Therefore, to avoid paying LMI, you have a few options. First, is to have a 20% deposit. If this isn’t possible, you could use a guarantor. This could be your parents, or grandparents, who are happy to put their home up for collateral for yours. This means, you can buy with only 5% and not pay LMI, however if you fail to pay your guarantors home can be taken by the bank as payment. You can also use the FHLDS which means the government acts as your guarantor, however there are limited spots available per year.

It is also important to remember that there are other fees associated buying a home. You may have savings worth 20% of the house, but fees like stamp duty and conveyancing could eat into your savings and leave you with a much smaller deposit.

20% of the buy price= $90k
Subtract stamp duty, transfer fees & government fees:
Available deposit left= 67,179 (14%)
LMI= $4,148
10% of the buy price= $45k
Subtract stamp duty, transfer fees & government fees:
Available deposit left: 22,179 (4%)
Not a large enough deposit to buy a house, therefore no LMI



Using the calculators on realestate.com.au, to buy a house for $450,000 with a 20% deposit, you would need $115,000, which is actually 25.6% of the purchase price.

Using this example, you would need to save more than 20% to avoid LMI, plus then also have some money to keep aside for an emergency fund.

The larger your deposit, the smaller your loan will be and therefore the cheaper your repayments will be. This is another thing to consider and is demonstrated in the screenshots above.

How Much Can I Afford to Borrow?

Arguably, serviceability is more important than your deposit amount. Serviceability basically means your ability to pay back the loan. The banks used to be very lax on this, however have tightened things up as the years have gone on. Your income, evidence of savings, and job security are all large factors in banks determining your serviceability. Those with inconsistent incomes, casual employment, or self employment may find it more difficult to get a loan as it is hard to prove you will have what it takes to pay back the loan over the next 30 years. While it is possible to still get a loan in these situations, it will just take a bit more work and would be definitely worth seeing a mortgage broker for help applying for a loan.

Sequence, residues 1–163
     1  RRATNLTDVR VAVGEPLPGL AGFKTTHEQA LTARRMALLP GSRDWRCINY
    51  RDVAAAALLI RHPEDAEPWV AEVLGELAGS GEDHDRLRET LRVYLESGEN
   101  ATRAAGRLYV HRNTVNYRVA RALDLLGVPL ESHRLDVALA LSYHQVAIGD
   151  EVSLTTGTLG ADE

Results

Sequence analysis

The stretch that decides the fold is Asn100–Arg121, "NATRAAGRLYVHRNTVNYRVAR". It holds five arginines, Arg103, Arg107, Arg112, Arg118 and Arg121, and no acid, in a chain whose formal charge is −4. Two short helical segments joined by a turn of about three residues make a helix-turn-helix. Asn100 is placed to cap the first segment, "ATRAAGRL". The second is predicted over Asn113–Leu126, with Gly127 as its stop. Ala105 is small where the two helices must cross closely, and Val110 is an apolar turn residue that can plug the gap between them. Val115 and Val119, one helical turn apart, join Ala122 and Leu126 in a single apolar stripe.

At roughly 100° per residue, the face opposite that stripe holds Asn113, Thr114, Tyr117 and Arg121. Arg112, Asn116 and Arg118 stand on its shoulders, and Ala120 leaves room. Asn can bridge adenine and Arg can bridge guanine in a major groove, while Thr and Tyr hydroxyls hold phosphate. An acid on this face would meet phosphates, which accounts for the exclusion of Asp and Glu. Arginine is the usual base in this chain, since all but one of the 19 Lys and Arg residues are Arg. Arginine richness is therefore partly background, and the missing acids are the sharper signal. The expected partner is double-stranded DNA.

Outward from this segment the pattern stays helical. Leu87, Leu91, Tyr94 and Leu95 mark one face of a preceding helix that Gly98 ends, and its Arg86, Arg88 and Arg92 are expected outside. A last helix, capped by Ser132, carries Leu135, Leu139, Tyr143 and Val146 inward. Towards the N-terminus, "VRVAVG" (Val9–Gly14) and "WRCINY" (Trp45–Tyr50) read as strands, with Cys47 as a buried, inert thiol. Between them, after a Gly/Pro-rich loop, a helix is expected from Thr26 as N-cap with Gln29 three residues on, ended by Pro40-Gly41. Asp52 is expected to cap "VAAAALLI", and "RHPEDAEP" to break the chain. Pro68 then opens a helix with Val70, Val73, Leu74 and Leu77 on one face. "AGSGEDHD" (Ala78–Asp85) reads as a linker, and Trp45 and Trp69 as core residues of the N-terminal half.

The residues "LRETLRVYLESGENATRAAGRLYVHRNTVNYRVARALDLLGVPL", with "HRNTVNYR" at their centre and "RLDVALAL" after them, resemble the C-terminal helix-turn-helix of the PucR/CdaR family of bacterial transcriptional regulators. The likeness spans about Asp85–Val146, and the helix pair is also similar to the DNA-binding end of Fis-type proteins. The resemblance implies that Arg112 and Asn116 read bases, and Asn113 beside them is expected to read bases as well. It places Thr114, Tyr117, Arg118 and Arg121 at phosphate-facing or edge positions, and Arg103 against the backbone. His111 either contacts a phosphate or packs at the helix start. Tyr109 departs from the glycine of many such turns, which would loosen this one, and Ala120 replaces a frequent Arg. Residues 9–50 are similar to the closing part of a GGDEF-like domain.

There are many online calculators that you can use to see how much you can borrow. While these aren’t completely accurate, they will give you a rough guide. At the end of the day, it will come down to what you are comfortable paying. Most financial gurus will say you want to keep your mortgage payments below 30% of your post tax income. For example, if you take home $1000 a week, you wouldn’t want your mortgage repayments to be any more than $300 a week. Anything over this is generally considered mortgage stress, as you also have to pay for bills, rates, and other general life expenses. Some people may be comfortable spending more than this as a good home is important to them, while some others may not want to spend more than 10%. Again, it is up to the individual and what is comfortable.

Keep in mind when looking at these calculators, that interest rates are at an all time low and will inevitably rise in the next few years. Therefore, when using these calculators it is important to factor in these rises to ensure you will still be able to afford your repayments in years to come.

Example:

$500,000 loan at 3% interest rate: $1,976 monthly repayments

$500,000 loan at 5% interest rate: $2,684 monthly repayments

There is a difference of $708 per month or $177 per week. Therefore, if you are already stretching yourself with the monthly repayments of $1,976, an increase in interest rates could push you over the edge.

Fixed vs Variable Loans

There are three different types of loans you can get: Fixed, variable or split.